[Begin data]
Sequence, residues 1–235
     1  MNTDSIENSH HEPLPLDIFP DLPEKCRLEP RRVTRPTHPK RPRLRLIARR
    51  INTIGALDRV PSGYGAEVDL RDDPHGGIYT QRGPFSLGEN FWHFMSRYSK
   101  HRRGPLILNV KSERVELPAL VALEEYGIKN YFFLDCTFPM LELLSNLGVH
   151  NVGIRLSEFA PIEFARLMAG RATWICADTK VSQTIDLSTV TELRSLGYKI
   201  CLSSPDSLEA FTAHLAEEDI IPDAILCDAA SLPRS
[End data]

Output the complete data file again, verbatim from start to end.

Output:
Sequence, residues 1–235
     1  MNTDSIENSH HEPLPLDIFP DLPEKCRLEP RRVTRPTHPK RPRLRLIARR
    51  INTIGALDRV PSGYGAEVDL RDDPHGGIYT QRGPFSLGEN FWHFMSRYSK
   101  HRRGPLILNV KSERVELPAL VALEEYGIKN YFFLDCTFPM LELLSNLGVH
   151  NVGIRLSEFA PIEFARLMAG RATWICADTK VSQTIDLSTV TELRSLGYKI
   201  CLSSPDSLEA FTAHLAEEDI IPDAILCDAA SLPRS